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Leopold Godowsky, Jr., a concert violinist who joined with another musician, Leopold Damrosch Mannes, to develop Kodachrome film, died at 82 on this date in 1983. Their experimentation began in 1917, when they saw a movie advertised as a color film and felt dissatisfied with the color. They designed their own movie camera and projector with colored lenses, which they patented but could not develop into a commercial project. It took another thirteen years and several more patents before the Kodak company invested in their work, and by 1935, Kodachrome 16mm movie film was on sale, followed by 35 mm and 8 mm film the following year. Godowsky (on the right in the photo) was the son and namesake of a great concert pianist, and married Francis Gershwin, the artist who was sister of George and Ira Gershwin. Mannes (on the left) was the part-Jewish grandson of conductor Leopold Damrosch, and his parents were the founders of the Mannes College of Music in New York. Mannes and Godowsky were inducted into the National Inventors Hall of Fame in 2005.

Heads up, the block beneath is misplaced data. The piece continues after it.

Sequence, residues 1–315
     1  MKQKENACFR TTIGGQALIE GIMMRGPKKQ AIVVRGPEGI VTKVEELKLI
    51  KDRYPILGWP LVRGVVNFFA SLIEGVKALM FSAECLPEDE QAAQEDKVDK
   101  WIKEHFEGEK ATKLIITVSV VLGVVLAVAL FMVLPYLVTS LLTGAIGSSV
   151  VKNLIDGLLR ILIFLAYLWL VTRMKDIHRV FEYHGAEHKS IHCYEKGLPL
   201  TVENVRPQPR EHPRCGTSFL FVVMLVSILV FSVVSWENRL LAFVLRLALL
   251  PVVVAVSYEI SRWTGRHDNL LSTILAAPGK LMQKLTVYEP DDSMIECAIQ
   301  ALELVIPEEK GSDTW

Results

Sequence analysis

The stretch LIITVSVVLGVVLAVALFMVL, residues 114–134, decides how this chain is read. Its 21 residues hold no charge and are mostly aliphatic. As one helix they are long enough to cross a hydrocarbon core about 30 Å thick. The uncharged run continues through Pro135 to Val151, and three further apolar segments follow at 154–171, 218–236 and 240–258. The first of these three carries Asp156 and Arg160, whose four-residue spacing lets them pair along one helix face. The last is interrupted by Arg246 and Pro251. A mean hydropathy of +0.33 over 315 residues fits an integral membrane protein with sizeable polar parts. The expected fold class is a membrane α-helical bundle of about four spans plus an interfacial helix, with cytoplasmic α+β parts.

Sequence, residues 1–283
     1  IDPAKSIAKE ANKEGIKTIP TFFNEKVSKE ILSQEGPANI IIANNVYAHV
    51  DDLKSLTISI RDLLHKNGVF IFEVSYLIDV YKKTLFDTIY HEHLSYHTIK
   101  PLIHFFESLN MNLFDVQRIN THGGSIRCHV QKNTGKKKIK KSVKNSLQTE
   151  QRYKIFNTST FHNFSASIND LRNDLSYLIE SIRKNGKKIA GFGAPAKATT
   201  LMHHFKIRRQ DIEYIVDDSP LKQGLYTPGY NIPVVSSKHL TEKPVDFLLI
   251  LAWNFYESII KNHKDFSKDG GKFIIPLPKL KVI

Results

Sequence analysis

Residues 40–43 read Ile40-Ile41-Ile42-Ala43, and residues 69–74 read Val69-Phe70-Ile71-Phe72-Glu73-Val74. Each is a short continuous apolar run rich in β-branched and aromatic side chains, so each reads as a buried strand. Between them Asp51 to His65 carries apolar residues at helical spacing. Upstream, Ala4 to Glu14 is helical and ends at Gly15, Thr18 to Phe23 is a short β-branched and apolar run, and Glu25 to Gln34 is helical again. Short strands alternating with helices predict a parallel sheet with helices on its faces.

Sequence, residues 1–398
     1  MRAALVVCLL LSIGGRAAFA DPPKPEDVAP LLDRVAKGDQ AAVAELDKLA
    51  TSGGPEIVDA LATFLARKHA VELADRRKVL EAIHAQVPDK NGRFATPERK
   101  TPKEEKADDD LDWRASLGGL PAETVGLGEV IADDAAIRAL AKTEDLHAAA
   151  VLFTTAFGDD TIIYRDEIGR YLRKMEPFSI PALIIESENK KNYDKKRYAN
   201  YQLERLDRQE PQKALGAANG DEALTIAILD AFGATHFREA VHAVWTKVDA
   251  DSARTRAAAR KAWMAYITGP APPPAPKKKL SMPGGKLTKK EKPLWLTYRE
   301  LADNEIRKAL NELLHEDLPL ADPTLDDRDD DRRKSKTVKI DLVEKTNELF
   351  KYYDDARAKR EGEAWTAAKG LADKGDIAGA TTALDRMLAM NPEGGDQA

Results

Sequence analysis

“They give us those nice bright colors
They give us the greens of summers
Makes you think all the world’s a sunny day
I got a Nikon camera
I love to take a photograph
So mama don’t take my Kodachrome away.” —Paul Simon, “Kodachrome”